What to Expect When You’re Expecting

What to Expect When You’re Expecting

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What to Expect When You’re Expecting

Rating

Directed by Kirk Jones. Starring Cameron Diaz, Jennifer Lopez, Elizabeth Banks, Chace Crawford, Brooklyn Decker, Ben Falcone, Anna Kendrick, Matthew Morrison, Dennis Quaid, Chris Rock, Rodrigo Santoro, Joe Manganiello, Rob Huebel, Thomas Lennon, Amir Talai, Rebel Wilson, Wendi McLendon-Covey, Genesis Rodriguez. Written by Shauna Cross, Heather Hach, from the books by Heidi Murkoff.

Just what you’d expect. Sigh. What to Expect When You’re Expecting, directed by Kirk Jones (Waking Ned Devine), is the latest entry in the Valentine’s Day/New Year’s Eve/He’s Just Not That Into You genre of ensemble romantic comedy; like the latter picture, this one has the dubious honor of being based on a self-help book, the (controversial) series of pregnancy guides by Heidi Murkoff.

The film is good for about one thing, as a handy collection of every possible pregnancy stereotype you can think of in one 100-minute film. It may potentially provide some comfort for expectant couples, or evoke some memories for those who have been down this road. For the rest of us, it’s incredibly thin stuff that proves to be a real chore to sit through.

Plot is almost non-existent; we have five expectant couples (well, four plus a couple looking to adopt) taken down the usual roads to parenthood. Why five couples? For maximum stereotype exposure, so each one can have their own unique (read: cliché) experience. The only challenge for the writers here (Shauna Cross and Heather Hach) is how to convincingly tie the storylines together so we end up with most of them giving birth on the same day, in the same location.

There’s Jules (Cameron Diaz), a reality TV weight loss show host, who is having a baby with Evan (Matthew Morrison), a reality TV celebrity dance contestant. And writer Wendy (Elizabeth Banks) and her husband Gary (Ben Falcone), a former weight loss show contestant who has relationship issues with his father. And of course, Gary’s father Ramsey (Dennis Quaid), a former race car driver, who is expecting with his much-younger wife Skyler (Brooklyn Decker).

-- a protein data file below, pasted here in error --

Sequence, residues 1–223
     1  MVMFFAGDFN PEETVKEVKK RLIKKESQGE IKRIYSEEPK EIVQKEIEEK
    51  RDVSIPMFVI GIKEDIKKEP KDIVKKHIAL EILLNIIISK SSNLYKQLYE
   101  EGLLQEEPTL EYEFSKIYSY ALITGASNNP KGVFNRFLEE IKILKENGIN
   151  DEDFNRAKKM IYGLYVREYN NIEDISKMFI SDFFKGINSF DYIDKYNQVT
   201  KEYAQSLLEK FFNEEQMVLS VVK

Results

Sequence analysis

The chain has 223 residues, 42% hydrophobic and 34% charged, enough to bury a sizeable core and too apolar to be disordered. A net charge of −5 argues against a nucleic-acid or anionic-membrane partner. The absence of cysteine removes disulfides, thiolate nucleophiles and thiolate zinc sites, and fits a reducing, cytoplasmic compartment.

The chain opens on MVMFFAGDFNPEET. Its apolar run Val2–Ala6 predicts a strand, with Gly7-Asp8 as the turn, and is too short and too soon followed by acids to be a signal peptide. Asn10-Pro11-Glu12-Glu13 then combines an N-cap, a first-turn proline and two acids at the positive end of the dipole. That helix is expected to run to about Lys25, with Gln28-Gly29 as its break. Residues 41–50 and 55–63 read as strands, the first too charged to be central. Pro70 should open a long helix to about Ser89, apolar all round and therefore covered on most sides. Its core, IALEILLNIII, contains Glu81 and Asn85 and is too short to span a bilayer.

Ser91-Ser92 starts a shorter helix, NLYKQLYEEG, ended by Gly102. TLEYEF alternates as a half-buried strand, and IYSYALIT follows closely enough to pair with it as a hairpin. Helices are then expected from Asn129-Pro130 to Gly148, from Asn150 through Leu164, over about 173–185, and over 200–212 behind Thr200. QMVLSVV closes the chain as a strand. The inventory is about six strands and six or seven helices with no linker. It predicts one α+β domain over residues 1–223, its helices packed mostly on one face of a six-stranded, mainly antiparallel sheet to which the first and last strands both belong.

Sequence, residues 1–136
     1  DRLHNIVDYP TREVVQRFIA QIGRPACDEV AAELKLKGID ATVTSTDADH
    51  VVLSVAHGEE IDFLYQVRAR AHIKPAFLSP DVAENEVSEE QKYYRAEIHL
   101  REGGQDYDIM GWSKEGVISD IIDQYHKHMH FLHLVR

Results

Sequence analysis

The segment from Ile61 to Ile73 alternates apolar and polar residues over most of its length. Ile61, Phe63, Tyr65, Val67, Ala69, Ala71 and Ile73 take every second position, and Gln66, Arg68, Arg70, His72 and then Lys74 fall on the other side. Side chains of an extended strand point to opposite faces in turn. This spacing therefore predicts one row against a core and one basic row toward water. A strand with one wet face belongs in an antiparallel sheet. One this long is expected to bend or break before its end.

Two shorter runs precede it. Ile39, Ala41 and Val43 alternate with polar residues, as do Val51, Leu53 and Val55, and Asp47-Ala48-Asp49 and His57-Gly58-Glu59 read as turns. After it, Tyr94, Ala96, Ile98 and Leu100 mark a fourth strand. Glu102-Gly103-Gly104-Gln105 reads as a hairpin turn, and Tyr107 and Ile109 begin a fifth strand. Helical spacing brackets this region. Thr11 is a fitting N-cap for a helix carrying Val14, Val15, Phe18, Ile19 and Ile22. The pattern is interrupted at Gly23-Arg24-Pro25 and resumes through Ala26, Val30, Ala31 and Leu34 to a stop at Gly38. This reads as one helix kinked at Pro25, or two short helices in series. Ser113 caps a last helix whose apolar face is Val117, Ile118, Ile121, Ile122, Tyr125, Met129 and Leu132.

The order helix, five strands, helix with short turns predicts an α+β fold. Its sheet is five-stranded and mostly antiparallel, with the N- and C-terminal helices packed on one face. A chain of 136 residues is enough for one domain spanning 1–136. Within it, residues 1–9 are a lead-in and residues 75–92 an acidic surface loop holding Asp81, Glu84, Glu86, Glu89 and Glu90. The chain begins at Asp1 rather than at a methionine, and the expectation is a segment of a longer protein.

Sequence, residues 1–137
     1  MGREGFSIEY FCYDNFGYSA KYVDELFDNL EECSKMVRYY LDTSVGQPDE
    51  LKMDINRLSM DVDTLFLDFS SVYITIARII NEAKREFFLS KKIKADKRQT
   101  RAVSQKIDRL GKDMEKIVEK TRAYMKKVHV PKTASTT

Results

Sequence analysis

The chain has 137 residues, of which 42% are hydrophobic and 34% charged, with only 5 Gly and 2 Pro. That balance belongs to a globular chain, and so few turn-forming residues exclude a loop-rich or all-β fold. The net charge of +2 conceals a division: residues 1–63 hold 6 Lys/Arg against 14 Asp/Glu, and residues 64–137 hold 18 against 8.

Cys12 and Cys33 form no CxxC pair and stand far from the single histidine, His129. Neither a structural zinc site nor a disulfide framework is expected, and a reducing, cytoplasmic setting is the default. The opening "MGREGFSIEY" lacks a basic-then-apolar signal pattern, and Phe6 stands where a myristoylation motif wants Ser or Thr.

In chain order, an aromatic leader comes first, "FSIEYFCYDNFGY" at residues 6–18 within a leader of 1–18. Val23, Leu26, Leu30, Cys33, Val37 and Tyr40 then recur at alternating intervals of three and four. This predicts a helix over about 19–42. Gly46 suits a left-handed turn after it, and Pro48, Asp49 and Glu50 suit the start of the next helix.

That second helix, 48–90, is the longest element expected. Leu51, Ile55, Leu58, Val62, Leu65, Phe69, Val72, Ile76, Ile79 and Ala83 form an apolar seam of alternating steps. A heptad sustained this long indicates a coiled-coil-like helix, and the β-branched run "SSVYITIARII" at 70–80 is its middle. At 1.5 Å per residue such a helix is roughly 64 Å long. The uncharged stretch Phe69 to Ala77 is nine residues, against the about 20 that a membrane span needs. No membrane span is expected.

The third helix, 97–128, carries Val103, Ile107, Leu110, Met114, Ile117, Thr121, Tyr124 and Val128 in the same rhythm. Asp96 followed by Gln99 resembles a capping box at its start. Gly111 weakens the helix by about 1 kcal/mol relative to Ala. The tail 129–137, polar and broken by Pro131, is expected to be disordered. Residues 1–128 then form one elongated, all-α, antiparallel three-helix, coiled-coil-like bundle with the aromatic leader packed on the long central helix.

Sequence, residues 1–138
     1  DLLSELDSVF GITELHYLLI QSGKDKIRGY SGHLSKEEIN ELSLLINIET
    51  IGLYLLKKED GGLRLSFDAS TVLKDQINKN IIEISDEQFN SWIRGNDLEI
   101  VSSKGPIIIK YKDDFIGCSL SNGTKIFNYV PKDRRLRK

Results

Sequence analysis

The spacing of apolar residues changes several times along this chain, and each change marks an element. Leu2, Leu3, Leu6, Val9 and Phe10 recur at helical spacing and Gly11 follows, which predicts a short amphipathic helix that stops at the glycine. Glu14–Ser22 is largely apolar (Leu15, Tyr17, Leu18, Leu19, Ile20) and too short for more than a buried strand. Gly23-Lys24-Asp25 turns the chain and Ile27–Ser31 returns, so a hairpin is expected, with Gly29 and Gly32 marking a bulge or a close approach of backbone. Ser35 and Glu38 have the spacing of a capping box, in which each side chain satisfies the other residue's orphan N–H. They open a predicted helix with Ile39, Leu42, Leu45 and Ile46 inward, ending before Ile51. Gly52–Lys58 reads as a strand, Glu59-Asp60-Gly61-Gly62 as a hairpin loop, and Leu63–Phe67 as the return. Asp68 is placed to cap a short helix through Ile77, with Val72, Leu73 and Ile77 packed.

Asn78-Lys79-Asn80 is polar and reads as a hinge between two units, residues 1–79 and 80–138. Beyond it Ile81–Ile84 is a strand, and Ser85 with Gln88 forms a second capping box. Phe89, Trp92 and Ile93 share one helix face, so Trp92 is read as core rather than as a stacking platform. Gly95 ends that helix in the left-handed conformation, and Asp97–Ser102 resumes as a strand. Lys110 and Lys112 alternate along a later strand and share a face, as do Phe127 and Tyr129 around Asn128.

And rival food truck operators Rosie (Anna Kendrick) and Marco (Chace Crawford), who become unexpectedly expectant after their first time sleeping together. And baby photographer Holly (Jennifer Lopez) and her husband Alex (Rodrigo Santoro), who cannot conceive, and plan to adopt an Ethiopian orphan.

So thin are each of these storylines that any one of them could be completely excised and the movie would not be significantly altered. Take out four and you might be getting somewhere, if only because the remaining story would have to be sufficiently fleshed out.

Five main storylines, 100 minutes, that’s roughly 20 minutes per storyline, or slightly less time than is devoted to an episode of a TV sitcom. Which is about the best you can expect here. There are some vaguely touching moments here and there, but as far as comedy goes, I didn’t crack a smile once.

Then there’s a major subplot, which thins the movie out even more and represents the worst What to Expect has to offer. It involves a ‘Dude’s Group’ (Dad’s Group?) that Alex attends in preparation for his impending fatherhood. Chris Rock, Thomas Lennon, Rob Huebel, and Amir Talai play a group of clueless (but happy!) negligent fathers who wander the park with infants strapped to their chests as the film desperately attempts to appeal to a male audience (but, instead, is more likely to offend male members of the audience).

I can’t say I expected anything different. Take a self help book, shoehorn it into formulaic ensemble comedy, pepper it with every last stereotype to fit the theme, and you have a mighty thin stew. Best of luck digesting this one.


Jason Pirodsky

Hailing from Syracuse, New York, Jason Pirodsky made his way to Prague via Miami and has stuck around, for better and worse, since 2004. A member of the Online Film Critics Society (www.ofcs.org), some of his favorite movies include O Lucky Man!, El Topo, Berlin Alexanderplatz, and Hellzapoppin'. Follow him on Twitter for some (slightly) more concise reviews.

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